Data Visualization First Steps

Filtering the Data Solution

Anjana Vakil

Anjana Vakil

Software Engineer & Educator
Data Visualization First Steps

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The "Filtering the Data Solution" Lesson is part of the full, Data Visualization First Steps course featured in this preview video. Here's what you'd learn in this lesson:

Anjana walks through the solution to the filtering the data exercise.


Transcript from the "Filtering the Data Solution" Lesson

>> So again, this is just kind of a convention of the way these observable inputs work. But if we are building our plot visualizations, and observable, it's super handy. I hope you agree. So let's take a look here. All right, so what we want the values of the checkboxes to be, are essentially all of the possible status codes one might be able to select from our data, which again, I had already parsed into an array here.

Just by going through the data and pulling out all the status codes, so we can replace for the options array, instead of nothing or an empty array. We can just drop in that status codes value. So now we've got some check boxes. Excellent. But the other thing that would be cool, well first of all, let's label this like we saw before.

The status or status code or whatever you want. The other thing in the text here that you might have noticed is, it would be useful if instead of starting out with no data selected, we started out with all of the data selected. And in the hints you may have come across this so there is or if you checked out the documentation of the checkbox input, there is another option I can add here which is to put in the value of these.

Of the selected check boxes which is essentially going to be an array of the values that we want, similar to how before we got an array of the selected colours out. So if I specify that in the options then those will be essentially the default values for this input.

So here, if I want everything to be checked by default, what I can do is just pass in that same status codes array as the value for this input by default. And then we'll see once I reevaluate that, all of the checkboxes, start out checked. And as I unselect things, we'll see them disappear from that selected codes array, which now gives me this reactive reference to whatever the user wants to care about status code wise.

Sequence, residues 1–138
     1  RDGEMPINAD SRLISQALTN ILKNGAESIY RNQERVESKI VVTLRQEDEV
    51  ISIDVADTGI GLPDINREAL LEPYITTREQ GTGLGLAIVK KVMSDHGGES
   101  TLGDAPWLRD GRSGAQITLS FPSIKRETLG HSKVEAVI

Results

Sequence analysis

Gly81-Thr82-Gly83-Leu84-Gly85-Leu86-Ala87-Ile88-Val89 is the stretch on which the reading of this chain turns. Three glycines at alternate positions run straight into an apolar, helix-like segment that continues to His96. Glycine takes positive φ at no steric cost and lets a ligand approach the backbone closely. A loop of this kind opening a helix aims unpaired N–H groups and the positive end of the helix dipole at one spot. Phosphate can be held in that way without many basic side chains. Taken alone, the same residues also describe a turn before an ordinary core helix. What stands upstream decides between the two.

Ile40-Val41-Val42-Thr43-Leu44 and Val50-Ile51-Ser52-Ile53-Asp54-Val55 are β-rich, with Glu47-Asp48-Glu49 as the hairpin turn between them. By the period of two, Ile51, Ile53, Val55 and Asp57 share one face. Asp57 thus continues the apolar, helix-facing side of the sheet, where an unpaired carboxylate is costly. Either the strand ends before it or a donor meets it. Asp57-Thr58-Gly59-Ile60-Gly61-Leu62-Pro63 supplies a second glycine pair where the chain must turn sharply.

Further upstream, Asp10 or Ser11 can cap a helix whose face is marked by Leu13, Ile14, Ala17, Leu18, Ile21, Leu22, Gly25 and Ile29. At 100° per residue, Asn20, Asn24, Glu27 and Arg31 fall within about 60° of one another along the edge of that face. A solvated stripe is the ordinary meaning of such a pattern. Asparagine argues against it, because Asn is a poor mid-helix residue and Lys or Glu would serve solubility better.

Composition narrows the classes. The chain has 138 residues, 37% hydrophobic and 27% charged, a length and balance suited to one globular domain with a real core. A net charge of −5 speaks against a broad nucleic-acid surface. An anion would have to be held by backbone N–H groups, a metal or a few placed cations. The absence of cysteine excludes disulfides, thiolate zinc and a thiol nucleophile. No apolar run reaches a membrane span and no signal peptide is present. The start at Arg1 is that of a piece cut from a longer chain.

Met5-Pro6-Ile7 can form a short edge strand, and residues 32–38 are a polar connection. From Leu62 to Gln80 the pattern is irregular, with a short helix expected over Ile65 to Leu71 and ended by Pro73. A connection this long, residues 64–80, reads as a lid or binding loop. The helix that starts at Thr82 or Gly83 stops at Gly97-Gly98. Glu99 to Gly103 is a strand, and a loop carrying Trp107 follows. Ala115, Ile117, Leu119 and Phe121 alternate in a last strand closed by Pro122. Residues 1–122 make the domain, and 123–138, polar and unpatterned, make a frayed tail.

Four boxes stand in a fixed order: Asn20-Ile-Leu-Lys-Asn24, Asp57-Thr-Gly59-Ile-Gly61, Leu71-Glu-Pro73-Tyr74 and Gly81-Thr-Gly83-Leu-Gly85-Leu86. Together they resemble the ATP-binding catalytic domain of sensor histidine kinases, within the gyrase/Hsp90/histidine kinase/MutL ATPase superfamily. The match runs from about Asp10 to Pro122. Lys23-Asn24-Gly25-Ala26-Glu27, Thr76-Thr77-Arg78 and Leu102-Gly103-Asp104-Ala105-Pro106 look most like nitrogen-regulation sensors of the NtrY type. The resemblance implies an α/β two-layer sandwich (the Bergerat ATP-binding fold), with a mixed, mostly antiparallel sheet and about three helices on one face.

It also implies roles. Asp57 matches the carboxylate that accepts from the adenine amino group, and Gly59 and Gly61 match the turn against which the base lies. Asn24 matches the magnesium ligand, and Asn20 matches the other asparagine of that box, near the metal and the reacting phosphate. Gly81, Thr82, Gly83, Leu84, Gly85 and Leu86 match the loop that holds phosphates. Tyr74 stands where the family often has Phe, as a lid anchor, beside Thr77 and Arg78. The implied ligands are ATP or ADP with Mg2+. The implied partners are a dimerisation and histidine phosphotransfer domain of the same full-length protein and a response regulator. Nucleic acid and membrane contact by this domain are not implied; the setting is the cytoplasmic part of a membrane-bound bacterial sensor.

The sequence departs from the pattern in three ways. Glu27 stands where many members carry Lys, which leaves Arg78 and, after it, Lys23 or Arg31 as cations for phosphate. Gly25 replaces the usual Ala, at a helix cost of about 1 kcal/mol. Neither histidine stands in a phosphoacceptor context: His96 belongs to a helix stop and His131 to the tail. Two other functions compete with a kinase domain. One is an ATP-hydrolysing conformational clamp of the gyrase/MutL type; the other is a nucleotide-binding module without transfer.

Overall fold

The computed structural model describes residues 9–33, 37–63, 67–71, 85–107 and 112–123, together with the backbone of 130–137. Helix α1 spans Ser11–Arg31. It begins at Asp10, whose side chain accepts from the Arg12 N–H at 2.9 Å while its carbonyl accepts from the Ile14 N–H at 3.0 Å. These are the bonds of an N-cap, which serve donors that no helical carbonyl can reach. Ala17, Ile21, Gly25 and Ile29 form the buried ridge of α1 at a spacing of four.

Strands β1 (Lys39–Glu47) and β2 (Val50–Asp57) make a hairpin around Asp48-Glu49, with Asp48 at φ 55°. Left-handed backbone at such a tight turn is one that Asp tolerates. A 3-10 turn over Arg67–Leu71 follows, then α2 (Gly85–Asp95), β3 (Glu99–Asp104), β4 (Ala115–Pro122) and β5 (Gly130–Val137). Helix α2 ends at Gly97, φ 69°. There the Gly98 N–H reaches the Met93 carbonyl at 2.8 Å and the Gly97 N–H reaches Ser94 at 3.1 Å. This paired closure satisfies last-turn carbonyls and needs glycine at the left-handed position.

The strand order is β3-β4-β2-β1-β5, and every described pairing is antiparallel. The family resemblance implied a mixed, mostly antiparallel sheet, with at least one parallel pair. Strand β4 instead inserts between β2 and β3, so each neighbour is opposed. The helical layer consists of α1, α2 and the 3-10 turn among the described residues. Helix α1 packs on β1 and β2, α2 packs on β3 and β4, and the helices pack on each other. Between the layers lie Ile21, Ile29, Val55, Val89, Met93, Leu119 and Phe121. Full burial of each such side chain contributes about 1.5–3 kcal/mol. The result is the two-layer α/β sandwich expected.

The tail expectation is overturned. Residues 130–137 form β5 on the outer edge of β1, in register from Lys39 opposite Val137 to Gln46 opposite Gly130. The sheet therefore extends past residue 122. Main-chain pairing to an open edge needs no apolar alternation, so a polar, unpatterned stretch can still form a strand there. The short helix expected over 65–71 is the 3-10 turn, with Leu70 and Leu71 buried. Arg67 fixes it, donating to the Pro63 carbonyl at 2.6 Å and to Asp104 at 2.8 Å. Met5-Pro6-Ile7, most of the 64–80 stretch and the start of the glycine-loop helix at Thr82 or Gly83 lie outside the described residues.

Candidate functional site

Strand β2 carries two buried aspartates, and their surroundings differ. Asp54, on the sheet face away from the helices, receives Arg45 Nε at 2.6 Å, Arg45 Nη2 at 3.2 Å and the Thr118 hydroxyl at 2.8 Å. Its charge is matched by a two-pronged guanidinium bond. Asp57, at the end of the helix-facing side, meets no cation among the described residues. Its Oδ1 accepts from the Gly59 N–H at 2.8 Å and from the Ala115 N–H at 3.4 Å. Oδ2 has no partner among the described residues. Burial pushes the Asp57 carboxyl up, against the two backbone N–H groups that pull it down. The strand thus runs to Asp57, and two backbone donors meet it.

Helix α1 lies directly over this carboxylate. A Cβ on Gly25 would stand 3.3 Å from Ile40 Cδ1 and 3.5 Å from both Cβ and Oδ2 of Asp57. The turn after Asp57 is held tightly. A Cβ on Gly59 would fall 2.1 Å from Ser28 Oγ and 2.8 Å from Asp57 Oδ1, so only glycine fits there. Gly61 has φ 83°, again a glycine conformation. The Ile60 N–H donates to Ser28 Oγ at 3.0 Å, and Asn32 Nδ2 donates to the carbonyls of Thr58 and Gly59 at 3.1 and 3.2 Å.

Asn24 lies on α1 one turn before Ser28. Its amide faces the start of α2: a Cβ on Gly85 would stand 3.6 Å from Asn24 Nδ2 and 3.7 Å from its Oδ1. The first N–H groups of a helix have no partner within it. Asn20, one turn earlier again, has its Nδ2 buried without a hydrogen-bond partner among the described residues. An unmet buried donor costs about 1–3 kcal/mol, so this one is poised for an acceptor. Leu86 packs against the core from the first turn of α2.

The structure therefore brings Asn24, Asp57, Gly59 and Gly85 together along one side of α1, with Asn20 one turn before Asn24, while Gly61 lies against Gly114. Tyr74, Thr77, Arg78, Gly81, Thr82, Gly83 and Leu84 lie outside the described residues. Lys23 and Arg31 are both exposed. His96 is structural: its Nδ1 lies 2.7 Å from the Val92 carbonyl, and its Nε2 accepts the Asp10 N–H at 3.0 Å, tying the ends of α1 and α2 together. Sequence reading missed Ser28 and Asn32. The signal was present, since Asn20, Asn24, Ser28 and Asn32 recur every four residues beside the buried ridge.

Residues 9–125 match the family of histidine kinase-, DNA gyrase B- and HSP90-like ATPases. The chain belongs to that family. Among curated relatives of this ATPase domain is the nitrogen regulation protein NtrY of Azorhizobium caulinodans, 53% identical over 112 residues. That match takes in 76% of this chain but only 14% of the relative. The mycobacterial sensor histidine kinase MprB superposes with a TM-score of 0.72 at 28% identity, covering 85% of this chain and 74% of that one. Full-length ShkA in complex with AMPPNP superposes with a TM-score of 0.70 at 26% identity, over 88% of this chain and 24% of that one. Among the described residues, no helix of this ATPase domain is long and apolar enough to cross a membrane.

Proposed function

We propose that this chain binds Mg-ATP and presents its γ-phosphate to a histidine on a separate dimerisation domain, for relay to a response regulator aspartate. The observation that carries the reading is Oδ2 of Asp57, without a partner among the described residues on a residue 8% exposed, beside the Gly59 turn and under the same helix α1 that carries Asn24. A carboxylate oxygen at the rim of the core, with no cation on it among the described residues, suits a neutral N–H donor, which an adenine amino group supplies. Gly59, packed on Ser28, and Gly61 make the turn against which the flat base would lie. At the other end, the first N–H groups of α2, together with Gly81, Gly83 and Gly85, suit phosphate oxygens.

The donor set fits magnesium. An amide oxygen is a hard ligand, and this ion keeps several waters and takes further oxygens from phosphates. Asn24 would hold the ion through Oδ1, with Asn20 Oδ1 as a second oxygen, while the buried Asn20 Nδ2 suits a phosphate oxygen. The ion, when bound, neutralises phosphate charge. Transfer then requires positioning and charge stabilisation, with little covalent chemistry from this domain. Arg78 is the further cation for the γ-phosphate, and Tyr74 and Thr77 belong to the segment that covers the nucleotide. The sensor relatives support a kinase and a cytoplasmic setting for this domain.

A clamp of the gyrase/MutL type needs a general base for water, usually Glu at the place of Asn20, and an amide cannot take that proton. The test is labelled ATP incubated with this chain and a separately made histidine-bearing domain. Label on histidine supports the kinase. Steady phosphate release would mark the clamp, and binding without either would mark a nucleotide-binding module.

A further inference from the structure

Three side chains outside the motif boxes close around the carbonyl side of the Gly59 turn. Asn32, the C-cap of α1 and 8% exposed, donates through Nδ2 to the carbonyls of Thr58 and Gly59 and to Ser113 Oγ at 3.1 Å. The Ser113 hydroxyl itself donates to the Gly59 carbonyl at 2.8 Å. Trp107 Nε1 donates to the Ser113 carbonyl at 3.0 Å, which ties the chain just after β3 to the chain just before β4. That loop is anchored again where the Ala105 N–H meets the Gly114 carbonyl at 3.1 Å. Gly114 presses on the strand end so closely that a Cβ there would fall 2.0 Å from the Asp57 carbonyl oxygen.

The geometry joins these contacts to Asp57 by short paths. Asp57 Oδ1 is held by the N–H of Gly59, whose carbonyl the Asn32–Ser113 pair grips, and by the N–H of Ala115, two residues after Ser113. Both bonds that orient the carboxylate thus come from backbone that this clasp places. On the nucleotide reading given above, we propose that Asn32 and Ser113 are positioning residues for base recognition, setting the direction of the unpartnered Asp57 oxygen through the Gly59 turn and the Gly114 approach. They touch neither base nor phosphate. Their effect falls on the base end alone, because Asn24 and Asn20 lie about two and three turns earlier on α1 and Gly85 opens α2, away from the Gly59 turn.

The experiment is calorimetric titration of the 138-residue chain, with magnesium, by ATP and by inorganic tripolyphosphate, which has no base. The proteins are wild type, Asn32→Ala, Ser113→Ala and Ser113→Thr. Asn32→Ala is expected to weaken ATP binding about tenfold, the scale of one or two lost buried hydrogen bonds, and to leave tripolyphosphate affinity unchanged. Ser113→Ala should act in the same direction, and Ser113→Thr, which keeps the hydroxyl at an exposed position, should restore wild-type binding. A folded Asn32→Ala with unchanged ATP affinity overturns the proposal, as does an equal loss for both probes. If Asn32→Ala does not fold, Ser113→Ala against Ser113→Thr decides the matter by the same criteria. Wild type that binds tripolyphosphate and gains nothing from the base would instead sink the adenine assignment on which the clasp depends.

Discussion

Cool. Any questions, feel free to bring them up. But I'm seeing nods. I hopefully folks are following along in the chat. So let us now take these check boxes and make them actually change the visualization shall we. So first of all, another fun thing about receivable mail books is, if you click and drag on it's three dots next to SL, without little mickey mouse hand icon, you can drag SL wow to a totally different work space.

Just kidding, you can maybe nope, drag a cell down further in the notebook for some reason this particular setup does not want me to, but hopefully on your own okay, here we go. So you can drag a cell and move it down to, let's say above this next to do, so that we can have a little bit closer relationship.

Now in observable notebooks, the order of cells does not matter at all. The reactive runtime just looks at which cells depend on which other cells. So that's all it cares about. So you can put them in whatever order you want. So we are going to go ahead and put this check box right above the cell for our code in the next exercise.

Also, you may have also seen a filtered cell there that is extraneous and we don't need to care about it right now.

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